The last part of the series of articles from Promote Training, the golf club management eLearning specialists, looks at how any club can apply yield-based pricing criteria to their group booking business.
It is difficult to talk of driving green fee revenues in a group-booking context without talking about variable pricing strategies. And you can’t talk about variable pricing strategies without talking about yield management. According to Wikipedia yield management is:
“…a variable pricing strategy, based on understanding, anticipating and influencing consumer behavior in order to maximise revenue or profits from a fixed, perishable resource”
Understanding, anticipating and influencing your customers starts with the analysis of the correct data – a statistical trawl of what’s going on within the business, especially on the golf course. The depth and level of the data we can derive and the analysis thereof drives the criteria we can use to vary our pricing points.
Many clubs are operating a basic variable pricing strategy already – they charge a lower amount for winter group bookings knowing they’re a ‘harder sell’. Conversely, some coastal clubs with great drainage actually charge a premium.
Day of the Week
Again, some clubs are already doing this. At its most basic, they are charging a premium to play at the weekends. Some charge slightly more to play on a Friday as well. In most cases, Monday to Thursday is lumped in together and priced the same.
Number of Participants
This one is less practiced in the UK industry and a significant opportunity. A group booking of 120 people is extremely precious and quite rare (in most clubs) – why wouldn’t you price it accordingly? You probably wouldn’t get 120 paying visitors if the group booking didn’t exist – so you can afford to lower the price and still be significantly better off. Conversely, a group booking of 8 people isn’t as lucrative in terms of monetary value and may restrict a larger booking enquiry coming in afterwards – isn’t that something that should be charged at a premium?
An important additional point to your terms and conditions are needed here – “If any discounted or agreed price is on the basis of a minimum number, this set price will only apply if on the day the set number of participants attend”. A golf day arriving with less than the number confirmed could push the price up – that’s not something easily communicated to the organiser if they didn’t know it could happen.
Tee Times Booked
All clubs have popular and unpopular tee times. Unfortunately, many clubs only have a gut feeling as to when they are. Knowing precisely what your peak and off-peak tee times are allows you to vary the price for group bookings. If 2pm is usually very quiet, why wouldn’t you offer a discount? If 9am is usually very busy, why wouldn’t you charge a premium?
We’ve already spoken about our desire to increase the sales window – to encourage organisers to book early so we understand the future group booking trends earlier and can take action as required. A variable pricing strategy that encompasses this criterion can help shift the window.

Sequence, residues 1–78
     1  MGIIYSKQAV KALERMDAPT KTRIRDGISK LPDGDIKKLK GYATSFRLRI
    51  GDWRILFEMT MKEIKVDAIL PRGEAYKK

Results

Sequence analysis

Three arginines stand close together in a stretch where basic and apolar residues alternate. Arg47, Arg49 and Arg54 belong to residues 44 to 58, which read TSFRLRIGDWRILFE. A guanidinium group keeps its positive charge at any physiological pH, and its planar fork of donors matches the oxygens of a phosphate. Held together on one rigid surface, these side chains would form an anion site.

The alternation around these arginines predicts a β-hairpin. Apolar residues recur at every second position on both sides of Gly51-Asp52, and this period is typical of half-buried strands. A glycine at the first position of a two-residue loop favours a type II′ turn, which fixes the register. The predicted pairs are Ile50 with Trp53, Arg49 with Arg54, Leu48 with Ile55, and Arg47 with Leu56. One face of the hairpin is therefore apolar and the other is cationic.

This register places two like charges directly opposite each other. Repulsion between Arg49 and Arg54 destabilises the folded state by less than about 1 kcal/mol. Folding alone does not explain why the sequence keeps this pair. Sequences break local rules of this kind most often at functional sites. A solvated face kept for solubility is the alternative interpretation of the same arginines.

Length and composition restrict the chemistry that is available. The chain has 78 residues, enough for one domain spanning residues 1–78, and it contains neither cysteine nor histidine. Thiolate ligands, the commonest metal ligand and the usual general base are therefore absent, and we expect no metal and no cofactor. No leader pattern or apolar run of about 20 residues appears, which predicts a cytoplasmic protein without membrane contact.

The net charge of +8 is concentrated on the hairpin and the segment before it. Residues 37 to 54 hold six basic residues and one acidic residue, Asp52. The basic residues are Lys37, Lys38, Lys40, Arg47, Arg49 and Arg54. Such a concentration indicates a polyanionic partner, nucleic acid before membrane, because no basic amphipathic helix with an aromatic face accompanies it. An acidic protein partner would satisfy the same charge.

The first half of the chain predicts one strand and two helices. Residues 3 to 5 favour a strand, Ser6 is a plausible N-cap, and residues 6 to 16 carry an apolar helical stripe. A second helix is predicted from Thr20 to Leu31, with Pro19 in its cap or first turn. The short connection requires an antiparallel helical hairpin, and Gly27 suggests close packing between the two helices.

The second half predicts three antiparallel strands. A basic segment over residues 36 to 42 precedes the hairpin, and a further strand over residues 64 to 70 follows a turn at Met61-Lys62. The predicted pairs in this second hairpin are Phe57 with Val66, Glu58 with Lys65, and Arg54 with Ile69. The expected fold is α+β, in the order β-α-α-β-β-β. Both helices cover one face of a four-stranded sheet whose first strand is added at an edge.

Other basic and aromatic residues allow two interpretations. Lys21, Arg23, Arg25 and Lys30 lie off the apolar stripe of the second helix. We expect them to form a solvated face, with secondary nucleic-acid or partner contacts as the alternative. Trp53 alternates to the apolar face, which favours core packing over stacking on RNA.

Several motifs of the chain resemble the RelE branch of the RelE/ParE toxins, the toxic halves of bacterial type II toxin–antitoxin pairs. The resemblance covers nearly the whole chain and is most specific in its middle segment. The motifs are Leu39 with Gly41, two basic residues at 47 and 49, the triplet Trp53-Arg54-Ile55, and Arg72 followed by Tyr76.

This is a slightly different criterion but something that needs to be considered carefully – those odd days that confound our data-driven criteria. For instance, Mondays in April may be quiet – but what about Easter Monday? That has the potential to be quite popular. Fridays in September may be quite busy – but what about the week the Head Greenkeeper is doing his biannual hollow coring and top dressing? Should you be charging a premium on this Friday for a course in less than perfect condition?
It’s probably an unfortunate consequence of a wider society change that in many clubs, group bookings are choosing to have less and less catering elements to their event. Where once the majority of bookings had a sit-down 3-course meal at the end of the day – at many clubs today they are in the minority. So, can we box a little clever here and add a silent ‘No Catering’ surcharge to the events that have little or no food? There’s nothing more frustrating than an enquiry coming in afterwards that want the full 3-course presentation dinner included but can’t get the tee times because a booking with no food at all has already confirmed.
The word “silent” in this instance means that the organiser doesn’t get to know they’ve been charged it – it simply gets added onto the green fee. Keeping it silent in this way provides a great opportunity to offer a discounted catering up-sell nearer the date of the event. It will be perceived as a discount by the organiser but won’t actually be a discount for the club – it will simply be the removal of the no-catering surcharge.
A variable pricing strategy based on just these seven criteria can have a dramatic impact on a golf clubs’ group booking revenues. In some instances many prices will be discounted – sometimes quite aggressively. In other cases, by understanding when we’re busy prices will be increased. But in both circumstances, they will be priced on a fixed criteria derived from historical fact. From a quantitative perspective, that’s something difficult to argue against.